Poor bees. Not only do they have problems with Colony Collapse Disorder and pollutants affecting the quality and color of their honey, they also have to worry about coming into contact with a barrage of pesticides on their flights for food. A new paper published in the scientific journal Nature has shown that foraging bumblebees exposed to the chemicals are twice as likely to die than those not exposed, and are only half as efficient in collecting food.
A study published this month in Nature has found that pesticide exposure severely affects the health of individual and colony-level traits in bees. Widespread use of chemicals in agriculture means that bees come into regular contact with toxins, killing or weakening the insects. Most of the current tests designed to measure the health of bee populations have been shown to be problematic in a couple of ways. First, they primarily focus on honeybee populations and not bumblebees, who are much larger in size and live in colonies of dozens instead of hundreds. Important crops, such as tomatoes, rely solely on bumblebees for pollination.
Additionally, many tests only require 96 hours of exposure. The study lead by a research team from the University of London collected data over a period of three weeks, and found far more damaging evidence of pesticide exposure. “If we had done our study for just 96 hours, our conclusions would have been very different,” says Nigel Raine, one of the paper’s contributors. Pesticides are also only scrutinized individually, not in combination where they can accumulate and do the most harm.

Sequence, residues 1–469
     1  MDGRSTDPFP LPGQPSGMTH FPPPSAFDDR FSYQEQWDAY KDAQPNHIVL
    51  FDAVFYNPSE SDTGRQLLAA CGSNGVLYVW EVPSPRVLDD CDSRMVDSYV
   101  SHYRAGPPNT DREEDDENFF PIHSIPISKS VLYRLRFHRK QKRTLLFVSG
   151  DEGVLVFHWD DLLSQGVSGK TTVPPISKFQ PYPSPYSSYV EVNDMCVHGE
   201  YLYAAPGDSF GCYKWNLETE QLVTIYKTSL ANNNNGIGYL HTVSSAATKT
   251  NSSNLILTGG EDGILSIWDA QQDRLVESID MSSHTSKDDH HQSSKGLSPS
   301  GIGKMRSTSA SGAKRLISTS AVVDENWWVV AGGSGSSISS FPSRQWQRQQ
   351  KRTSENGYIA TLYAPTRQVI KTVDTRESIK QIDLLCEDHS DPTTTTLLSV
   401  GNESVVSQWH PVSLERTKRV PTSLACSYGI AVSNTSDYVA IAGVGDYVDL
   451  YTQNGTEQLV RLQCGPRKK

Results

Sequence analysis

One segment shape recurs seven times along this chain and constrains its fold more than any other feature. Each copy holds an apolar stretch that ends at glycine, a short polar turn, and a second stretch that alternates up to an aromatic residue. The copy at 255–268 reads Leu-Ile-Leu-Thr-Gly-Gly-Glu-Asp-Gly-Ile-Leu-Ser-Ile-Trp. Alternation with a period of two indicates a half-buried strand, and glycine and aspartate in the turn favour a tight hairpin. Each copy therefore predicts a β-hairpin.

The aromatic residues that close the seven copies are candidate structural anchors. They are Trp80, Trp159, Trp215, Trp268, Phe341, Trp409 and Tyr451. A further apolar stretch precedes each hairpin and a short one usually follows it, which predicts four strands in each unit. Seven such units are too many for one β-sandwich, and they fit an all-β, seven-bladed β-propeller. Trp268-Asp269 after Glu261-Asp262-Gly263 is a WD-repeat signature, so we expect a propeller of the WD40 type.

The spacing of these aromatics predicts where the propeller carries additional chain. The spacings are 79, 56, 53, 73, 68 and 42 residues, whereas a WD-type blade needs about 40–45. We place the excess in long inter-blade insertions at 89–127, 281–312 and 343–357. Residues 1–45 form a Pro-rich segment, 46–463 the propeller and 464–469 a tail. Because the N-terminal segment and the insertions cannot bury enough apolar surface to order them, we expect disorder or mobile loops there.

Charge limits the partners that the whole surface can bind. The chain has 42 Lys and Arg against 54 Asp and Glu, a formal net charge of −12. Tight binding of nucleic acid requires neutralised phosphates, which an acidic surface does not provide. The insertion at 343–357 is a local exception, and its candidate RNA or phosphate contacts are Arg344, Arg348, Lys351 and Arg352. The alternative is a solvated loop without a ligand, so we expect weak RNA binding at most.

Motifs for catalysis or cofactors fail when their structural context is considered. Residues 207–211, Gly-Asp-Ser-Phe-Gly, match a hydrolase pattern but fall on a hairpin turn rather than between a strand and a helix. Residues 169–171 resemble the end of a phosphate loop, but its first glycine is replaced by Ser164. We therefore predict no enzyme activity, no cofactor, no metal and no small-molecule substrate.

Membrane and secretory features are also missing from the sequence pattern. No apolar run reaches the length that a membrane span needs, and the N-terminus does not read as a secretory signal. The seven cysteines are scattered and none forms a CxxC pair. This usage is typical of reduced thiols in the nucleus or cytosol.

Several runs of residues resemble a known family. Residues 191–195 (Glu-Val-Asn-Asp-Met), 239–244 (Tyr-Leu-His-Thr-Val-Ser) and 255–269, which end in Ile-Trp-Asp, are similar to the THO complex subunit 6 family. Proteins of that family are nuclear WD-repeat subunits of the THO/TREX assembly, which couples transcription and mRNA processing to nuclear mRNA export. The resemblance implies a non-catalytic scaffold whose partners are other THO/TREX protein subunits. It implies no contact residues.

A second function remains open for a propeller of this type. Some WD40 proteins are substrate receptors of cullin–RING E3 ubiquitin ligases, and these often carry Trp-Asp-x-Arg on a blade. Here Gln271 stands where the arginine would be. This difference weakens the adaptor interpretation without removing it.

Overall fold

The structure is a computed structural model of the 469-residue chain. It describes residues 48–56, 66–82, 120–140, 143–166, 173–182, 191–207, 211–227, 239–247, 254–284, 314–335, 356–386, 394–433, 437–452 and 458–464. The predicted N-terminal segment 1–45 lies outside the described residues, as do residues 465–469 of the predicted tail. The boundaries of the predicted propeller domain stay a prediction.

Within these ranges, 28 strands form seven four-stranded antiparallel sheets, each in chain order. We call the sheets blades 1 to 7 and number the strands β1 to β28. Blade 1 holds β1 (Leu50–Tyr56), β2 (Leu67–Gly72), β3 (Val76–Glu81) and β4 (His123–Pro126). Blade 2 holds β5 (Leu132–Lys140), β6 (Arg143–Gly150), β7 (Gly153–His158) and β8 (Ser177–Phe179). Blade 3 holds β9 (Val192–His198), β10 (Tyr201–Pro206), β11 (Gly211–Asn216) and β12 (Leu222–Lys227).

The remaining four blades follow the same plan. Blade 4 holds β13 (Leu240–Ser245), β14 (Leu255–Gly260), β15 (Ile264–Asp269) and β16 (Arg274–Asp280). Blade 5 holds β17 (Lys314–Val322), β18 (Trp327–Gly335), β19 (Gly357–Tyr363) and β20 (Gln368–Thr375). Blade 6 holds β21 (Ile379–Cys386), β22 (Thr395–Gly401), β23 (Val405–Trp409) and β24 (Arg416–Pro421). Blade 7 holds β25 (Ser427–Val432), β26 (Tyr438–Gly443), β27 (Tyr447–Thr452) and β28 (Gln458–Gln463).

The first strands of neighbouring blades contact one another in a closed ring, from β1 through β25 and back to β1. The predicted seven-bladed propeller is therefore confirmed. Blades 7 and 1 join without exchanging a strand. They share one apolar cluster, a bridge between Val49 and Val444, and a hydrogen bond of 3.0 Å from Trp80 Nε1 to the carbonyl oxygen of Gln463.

The UK study of the insects also finds that previous reports have neglected important differences between honeybees and bumblebees, that there has been lack of adequate time spent investigating the problems, and that the government has a woeful lack of regulation to help preserve the health of such an important pollinator.
Currently, the UK is reviewing the issue with a formal parliamentary investigation and call for evidence that is open until on November 2. In a country that has a history of weak pesticide regulation, we can only hope that this new information helps to sway the government into lending a helping hand to to an insect that is so closely tied to our collective food security.
Via The Daily Mail
Images via Wikimedia Commons